In analysing amino acids content in a protein through gel electrophoresis, What's the purpose of the gel? Wouldn't putting the amino acid in the gel prohibit the amino acid from dissolving into the buffer solution (which its pH controls the protonation and de-protonation of the amino acid)?

  • 1
    $\begingroup$ Just to be sure: You ask why the gel matrix is used to analyse proteins? $\endgroup$
    – Chris
    Nov 3, 2018 at 16:44
  • $\begingroup$ What research have you done to answer this question yourself? A Google search for gel electrophoresis of amino acids will give ample results. But your question is based on a complete misapprehension about the physical nature of the system. The gel is an inert and insoluble matrix which the buffer and amino acid solution permeates. $\endgroup$
    – David
    Nov 3, 2018 at 17:47

1 Answer 1


In gel electrophoresis, the gel is the mechanism by which macromolecules of different sizes are separated. By loading the gel with amino acids (or proteins or DNA), you start all of the samples equally, and then push them through a gel using a salty buffer solution that is electrified.

The gel has a certain concentration of a polymer (commonly agarose or polyacrylamide) that acts as a mesh that slows your macromolecules down. So, after running a gel for a certain amount of time, molecules of different sizes will have traveled different distances. This can be visualized by different methods (ethidium bromide for DNA and antibodies for proteins, commonly) after further preparation.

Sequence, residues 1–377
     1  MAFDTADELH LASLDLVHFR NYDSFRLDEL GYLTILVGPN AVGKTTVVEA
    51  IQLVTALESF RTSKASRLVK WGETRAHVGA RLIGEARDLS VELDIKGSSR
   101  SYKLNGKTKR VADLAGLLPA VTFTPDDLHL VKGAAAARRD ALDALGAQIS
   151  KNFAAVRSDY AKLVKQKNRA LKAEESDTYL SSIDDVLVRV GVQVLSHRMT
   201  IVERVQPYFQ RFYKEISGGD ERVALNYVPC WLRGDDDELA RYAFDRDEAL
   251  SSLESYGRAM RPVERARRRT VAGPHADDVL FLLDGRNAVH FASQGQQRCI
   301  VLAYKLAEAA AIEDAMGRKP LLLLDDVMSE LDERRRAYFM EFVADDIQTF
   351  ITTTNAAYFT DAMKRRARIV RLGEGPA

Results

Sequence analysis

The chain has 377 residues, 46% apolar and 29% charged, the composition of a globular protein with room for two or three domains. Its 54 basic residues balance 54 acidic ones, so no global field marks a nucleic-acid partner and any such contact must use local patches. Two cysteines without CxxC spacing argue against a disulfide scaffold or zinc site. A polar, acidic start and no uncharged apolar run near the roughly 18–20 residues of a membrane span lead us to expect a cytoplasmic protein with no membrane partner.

So, the amino acids in question should not be dissolved in buffer, as this would result in loss of sample.


Regarding the last point: when loading samples on a gel, they must first be dissolved in some loading buffer that will help the sample settle into the well and not diffuse out. I took your mention of "buffer" in the original question to be the running buffer for electrophoresis, which you should not dissolve your sample in. I am also unfamiliar with analyzing amino acids by electrophoresis, and I do not know if there is a specialized loading buffer that kind of analysis would require. A quick look didn't uncover anything, but you might be in a better position to answer the loading buffer issue.

  • $\begingroup$ I'll take this point by point: i) thanks for pointing that out, it's been a couple of years since I've had to think about conformational changes during electrophoresis. ii) Antibody staining would indeed require a Western, I should have been more precise there. iii) My last sentence was an attempt to tie the answer back to OP's question, where they were assuming that the amino acids should be dissolved in buffer. I assumed they meant the running buffer for the electrophoresis process, but they could easily be referring to loading buffer, too. I'll edit my answer to reflect this. $\endgroup$
    – porkchop
    Nov 4, 2018 at 20:33

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